27.  As mentioned, this evidence is not conclusive; and pre-tax costs do change from year to year. The most recent data from the FTA suggested that, as at October 2002, the total cost of French and Dutch domestic road transport remained 14% and 9% respectively below the level of the UK—though the FTA also recognised that these variations were far less than the variation in the post-tax cost of fuel which was, in the case of both France and the Netherlands, 33% below the level of the UK (pp 24-25).

Box 3

28.  The second and more conclusive point is that these variations have not conferred any significant competitive advantage or disadvantage to any EU country in the only relevant test: a significant increase in cabotage penetration into another's market, or a significant loss of the domestic market to foreign operators. According to the Commission, cabotage penetration rates were only 0.2% (measured in tonne kms) in EU Member States in 1998.[13]

29.  The Government estimated that cabotage represented only 0.06% of the UK domestic road freight market in 2000 (p 7). Professor McKinnon noted that the Road Haulage Association disputed the accuracy of this figure. But he pointed out that even if the Government under-estimated the level of cabotage by a factor of ten, foreign operators would still account for less than 1% of the British road haulage market. "For the vast majority of British hauliers engaged solely in domestic haulage international variations in taxes had, therefore, little bearing on trading conditions."[14]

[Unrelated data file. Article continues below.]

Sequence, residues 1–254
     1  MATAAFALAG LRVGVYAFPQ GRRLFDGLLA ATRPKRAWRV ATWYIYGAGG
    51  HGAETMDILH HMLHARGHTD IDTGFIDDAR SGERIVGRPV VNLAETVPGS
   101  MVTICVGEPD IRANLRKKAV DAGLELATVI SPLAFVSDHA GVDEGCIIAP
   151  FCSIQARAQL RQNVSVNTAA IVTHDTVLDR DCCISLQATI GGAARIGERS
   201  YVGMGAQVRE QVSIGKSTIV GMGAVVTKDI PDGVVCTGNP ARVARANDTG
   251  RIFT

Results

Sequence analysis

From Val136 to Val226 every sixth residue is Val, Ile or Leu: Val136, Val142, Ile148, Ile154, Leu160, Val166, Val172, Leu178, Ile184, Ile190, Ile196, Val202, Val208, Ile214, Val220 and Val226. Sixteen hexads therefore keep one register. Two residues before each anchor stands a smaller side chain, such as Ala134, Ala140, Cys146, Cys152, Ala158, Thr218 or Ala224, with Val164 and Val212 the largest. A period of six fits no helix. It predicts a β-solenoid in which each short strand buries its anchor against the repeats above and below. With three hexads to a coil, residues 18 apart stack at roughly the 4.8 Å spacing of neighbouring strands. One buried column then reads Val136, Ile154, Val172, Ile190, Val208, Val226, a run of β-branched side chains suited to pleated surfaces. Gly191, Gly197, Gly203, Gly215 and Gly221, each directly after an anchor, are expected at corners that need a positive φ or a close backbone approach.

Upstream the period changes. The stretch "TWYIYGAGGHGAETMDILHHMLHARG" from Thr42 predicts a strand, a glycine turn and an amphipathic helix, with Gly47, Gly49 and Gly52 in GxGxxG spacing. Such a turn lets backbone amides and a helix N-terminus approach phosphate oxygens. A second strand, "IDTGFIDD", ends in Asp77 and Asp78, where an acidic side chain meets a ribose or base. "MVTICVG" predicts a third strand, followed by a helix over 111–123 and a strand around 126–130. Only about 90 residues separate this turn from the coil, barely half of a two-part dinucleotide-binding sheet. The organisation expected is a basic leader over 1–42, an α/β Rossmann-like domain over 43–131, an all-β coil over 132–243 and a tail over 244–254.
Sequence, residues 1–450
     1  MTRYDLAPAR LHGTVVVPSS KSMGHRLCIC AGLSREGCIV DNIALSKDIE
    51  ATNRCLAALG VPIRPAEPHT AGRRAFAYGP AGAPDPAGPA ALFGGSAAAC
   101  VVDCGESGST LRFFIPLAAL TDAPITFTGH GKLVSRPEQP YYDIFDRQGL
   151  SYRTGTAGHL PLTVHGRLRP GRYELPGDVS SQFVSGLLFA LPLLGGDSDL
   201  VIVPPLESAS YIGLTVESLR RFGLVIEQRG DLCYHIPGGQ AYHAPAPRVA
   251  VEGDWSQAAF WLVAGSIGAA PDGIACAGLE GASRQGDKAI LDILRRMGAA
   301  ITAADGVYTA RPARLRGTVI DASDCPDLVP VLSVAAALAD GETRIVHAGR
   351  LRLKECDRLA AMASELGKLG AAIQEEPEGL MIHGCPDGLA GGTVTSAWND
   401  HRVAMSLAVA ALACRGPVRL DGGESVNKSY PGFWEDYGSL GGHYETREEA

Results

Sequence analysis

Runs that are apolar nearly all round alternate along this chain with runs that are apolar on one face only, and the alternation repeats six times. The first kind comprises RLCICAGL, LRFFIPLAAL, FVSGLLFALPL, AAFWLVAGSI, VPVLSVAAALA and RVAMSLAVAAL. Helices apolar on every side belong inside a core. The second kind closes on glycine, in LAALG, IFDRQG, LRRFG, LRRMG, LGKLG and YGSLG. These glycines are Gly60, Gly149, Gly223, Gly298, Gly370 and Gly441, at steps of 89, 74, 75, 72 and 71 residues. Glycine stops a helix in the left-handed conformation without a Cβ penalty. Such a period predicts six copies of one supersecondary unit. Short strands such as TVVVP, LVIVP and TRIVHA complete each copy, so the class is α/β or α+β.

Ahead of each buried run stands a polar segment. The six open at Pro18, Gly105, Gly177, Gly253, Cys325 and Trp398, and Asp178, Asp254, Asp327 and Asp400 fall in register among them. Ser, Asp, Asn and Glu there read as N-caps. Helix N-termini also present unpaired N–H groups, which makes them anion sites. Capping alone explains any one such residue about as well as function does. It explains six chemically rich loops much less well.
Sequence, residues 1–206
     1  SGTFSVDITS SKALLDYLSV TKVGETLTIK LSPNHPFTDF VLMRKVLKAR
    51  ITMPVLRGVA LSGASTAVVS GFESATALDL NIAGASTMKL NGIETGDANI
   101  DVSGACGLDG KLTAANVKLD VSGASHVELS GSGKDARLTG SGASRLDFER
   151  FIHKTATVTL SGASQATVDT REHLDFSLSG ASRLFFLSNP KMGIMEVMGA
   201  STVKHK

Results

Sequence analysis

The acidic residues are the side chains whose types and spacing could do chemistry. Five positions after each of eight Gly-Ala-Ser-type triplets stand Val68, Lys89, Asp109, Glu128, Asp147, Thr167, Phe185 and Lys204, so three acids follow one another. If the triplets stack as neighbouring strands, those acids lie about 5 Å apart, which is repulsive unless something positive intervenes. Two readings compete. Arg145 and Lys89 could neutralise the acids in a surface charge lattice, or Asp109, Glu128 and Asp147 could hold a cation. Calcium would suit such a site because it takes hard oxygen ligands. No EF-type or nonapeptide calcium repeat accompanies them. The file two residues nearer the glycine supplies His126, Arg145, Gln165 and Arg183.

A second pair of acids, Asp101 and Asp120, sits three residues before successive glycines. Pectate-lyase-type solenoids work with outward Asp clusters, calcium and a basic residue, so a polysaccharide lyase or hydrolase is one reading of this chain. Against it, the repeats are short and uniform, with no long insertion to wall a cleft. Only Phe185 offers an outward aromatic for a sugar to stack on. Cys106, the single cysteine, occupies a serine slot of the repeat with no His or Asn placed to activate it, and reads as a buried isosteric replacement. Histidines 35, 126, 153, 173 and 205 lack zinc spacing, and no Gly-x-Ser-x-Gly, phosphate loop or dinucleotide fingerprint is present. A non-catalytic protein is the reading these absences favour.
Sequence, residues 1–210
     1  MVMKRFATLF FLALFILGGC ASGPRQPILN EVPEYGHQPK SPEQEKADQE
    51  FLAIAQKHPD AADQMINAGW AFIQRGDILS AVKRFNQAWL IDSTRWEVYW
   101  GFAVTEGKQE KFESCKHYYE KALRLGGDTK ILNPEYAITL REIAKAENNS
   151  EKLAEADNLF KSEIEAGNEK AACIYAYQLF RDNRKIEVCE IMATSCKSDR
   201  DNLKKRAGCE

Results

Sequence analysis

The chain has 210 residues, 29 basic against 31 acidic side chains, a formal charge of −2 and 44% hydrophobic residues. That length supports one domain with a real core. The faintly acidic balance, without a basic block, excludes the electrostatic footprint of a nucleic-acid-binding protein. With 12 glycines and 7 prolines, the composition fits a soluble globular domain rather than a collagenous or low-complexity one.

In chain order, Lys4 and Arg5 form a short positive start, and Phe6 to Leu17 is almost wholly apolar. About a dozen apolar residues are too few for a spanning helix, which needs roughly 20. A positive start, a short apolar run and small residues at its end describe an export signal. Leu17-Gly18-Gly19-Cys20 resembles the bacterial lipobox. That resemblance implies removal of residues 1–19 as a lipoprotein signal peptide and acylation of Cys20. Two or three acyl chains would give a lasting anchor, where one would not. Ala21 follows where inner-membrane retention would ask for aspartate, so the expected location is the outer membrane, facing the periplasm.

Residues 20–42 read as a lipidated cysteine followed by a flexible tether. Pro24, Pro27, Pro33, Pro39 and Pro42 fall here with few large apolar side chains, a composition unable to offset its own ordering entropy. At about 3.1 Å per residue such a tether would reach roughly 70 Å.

30.  Citing the evidence both on the full range of costs and on the low level of cabotage, the Government emphatically rejected the Commission's "postulated" view that "differences in diesel tax rates lead to material distortions between hauliers based in different Member States" (p 7).

Cross-Channel trade

31.  Both the FTA and the RHA drew attention to the loss of market share by UK operators in the cross-Channel road haulage trade: from a circa 50/50 split with foreign operators in 1996 to a circa 30/70 split in 2001 (pp 39-41). The industry pointed out that this fall followed the period of above-inflation annual increases in UK fuel duty. In response to this concern, the Committee asked: if current marginal effective tax rates (METRs) are more or less aligned (see paragraphs 22-23 above), what does this mean for the future prospects of UK operators?